September 27, 2013
by Anjali Lai
Early last year, Forrester published a report profiling digital natives — youth ages 12 to 17. They've grown up in a world of rapidly evolving technology, to the extent that they can’t imagine life away from their devices. While digital natives weren’t yet heavy online buyers in early 2012, they often engaged in dialogue about products and brands and were receptive to advertising. Since then, young online consumers have continued to adopt devices and deepen their roots in the digital world; today, around 45% of this young audience uses a smartphone.
Characterized by their vibrant online presence and shaped by a culture of increasing connectivity, digital natives offer a new window of opportunity for marketers — one that stems not only from the audience’s advertising receptivity but also from their rapid adoption of digital commerce.
Forrester’s Consumer Technographics® data shows that mobile commerce among US online youth has increased over the recent years; today, nearly half of young online smartphone users purchase digital or physical products on their mobile phones:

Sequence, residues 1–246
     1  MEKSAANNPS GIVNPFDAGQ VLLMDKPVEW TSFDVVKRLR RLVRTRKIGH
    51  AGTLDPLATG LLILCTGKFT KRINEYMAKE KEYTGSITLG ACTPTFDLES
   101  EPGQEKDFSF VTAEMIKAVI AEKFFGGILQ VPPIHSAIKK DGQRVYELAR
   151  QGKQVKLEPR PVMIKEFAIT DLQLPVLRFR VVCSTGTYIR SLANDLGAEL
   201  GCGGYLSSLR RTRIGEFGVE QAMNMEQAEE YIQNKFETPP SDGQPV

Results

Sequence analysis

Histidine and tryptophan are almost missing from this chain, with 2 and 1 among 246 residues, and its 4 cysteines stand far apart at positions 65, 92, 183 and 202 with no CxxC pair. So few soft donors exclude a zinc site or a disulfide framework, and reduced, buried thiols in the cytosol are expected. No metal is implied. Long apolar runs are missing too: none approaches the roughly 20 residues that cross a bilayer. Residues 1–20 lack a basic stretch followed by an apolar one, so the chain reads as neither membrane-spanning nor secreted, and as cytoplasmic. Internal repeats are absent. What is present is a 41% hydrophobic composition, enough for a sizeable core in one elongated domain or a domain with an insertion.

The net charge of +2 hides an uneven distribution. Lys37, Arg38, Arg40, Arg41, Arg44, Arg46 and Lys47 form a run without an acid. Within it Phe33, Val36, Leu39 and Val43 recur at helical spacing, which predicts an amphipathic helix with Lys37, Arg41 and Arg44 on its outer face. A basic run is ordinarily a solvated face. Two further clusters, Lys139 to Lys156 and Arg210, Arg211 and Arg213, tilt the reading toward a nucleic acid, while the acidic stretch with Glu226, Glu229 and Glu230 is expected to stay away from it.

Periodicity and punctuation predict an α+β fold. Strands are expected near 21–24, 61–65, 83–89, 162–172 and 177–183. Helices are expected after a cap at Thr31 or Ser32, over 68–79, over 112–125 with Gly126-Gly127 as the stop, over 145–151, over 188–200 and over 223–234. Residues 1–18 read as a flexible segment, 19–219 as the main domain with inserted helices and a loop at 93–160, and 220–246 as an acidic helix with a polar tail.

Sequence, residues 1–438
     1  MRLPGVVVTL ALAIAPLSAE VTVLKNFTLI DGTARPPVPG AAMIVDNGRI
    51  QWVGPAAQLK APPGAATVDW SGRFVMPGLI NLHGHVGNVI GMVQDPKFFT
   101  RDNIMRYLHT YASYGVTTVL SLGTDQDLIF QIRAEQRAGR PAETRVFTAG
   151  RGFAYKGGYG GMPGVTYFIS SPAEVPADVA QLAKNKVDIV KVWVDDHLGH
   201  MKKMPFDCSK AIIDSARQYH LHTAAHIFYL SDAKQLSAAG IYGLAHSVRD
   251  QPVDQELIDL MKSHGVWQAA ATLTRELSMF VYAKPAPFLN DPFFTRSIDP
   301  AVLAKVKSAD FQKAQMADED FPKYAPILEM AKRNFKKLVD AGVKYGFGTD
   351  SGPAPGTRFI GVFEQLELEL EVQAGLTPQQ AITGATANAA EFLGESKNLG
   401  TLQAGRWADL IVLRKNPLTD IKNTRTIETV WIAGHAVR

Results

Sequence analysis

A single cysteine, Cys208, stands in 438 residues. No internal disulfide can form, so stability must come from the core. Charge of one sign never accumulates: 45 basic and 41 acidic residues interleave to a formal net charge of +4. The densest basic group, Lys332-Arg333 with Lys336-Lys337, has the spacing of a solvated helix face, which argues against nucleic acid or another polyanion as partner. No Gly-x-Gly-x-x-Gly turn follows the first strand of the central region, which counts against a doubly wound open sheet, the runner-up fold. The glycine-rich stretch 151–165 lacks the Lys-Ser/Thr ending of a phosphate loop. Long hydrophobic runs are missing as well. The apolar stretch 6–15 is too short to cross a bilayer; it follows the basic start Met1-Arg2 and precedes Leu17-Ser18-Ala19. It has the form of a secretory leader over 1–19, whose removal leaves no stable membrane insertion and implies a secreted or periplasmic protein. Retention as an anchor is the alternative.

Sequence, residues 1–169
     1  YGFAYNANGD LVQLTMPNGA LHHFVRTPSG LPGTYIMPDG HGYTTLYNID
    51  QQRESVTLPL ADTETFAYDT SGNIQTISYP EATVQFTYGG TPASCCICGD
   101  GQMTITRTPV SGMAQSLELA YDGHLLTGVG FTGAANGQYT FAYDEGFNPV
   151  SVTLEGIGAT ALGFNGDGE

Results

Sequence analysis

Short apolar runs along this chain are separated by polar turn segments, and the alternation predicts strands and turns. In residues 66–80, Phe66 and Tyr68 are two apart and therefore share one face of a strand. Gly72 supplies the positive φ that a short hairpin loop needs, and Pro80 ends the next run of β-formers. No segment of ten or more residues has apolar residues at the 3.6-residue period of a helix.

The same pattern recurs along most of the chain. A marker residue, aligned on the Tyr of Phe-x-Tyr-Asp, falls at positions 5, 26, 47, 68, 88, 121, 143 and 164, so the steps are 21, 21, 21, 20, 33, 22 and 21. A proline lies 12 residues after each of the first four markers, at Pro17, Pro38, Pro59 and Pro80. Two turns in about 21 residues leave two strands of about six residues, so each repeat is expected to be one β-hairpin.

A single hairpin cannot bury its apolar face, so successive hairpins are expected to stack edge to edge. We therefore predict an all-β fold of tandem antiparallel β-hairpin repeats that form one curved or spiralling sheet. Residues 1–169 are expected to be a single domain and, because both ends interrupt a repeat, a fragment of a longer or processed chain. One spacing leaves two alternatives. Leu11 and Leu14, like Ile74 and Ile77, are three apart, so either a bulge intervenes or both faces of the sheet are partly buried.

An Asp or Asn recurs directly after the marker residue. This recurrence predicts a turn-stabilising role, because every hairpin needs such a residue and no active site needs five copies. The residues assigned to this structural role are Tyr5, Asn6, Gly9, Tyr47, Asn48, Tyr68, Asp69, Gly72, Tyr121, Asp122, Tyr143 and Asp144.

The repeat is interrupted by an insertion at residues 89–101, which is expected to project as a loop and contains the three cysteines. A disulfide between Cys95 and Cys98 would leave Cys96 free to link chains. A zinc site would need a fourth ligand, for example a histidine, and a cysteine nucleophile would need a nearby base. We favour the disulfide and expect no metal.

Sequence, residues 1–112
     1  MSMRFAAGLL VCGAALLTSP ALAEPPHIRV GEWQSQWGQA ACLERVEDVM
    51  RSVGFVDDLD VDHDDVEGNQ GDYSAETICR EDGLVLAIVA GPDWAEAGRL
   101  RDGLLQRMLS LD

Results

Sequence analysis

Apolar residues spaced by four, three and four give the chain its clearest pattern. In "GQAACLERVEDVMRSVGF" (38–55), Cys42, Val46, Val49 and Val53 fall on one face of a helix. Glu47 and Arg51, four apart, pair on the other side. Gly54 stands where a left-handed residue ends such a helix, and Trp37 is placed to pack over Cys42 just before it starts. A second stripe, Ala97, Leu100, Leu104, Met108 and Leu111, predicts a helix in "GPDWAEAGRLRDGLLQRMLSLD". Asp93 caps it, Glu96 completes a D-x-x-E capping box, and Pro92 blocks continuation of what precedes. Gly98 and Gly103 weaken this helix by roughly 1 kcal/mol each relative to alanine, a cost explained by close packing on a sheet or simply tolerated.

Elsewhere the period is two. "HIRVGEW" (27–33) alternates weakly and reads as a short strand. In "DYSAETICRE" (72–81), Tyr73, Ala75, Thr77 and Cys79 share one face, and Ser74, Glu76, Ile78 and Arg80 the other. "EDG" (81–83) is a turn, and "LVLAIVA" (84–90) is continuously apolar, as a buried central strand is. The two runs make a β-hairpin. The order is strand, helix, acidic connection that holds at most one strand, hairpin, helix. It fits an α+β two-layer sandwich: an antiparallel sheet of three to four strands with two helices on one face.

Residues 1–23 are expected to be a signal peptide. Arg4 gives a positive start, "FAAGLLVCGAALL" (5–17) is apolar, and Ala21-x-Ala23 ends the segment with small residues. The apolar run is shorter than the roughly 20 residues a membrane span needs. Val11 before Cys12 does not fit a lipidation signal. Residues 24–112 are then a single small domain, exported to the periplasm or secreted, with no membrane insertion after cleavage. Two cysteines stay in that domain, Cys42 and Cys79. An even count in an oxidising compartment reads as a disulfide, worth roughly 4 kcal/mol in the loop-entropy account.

Brands like Target are beginning to meet young consumers at the crossroads of their social and mobile engagement, a spot very familiar to digital natives. Social media sites like LinkedIn are becoming keenly aware of the youth market’s rising potential. My colleague Gina Sverdlov recently published a report that quantifies the impact of social engagements on retail behavior among digital natives. She asserts that marketing to this unique generation requires a new set of rules, revealing that young consumers “already have extremely high expectations of companies offering mobile content and experiences . . . [they] are accustomed to using multiple devices to connect . . . and they use their devices to connect to social media.” In our consumer-centric world, studying and establishing a relationship with this rising generation will not only lead to immediate payoffs but will also shape the consumer landscape of the future.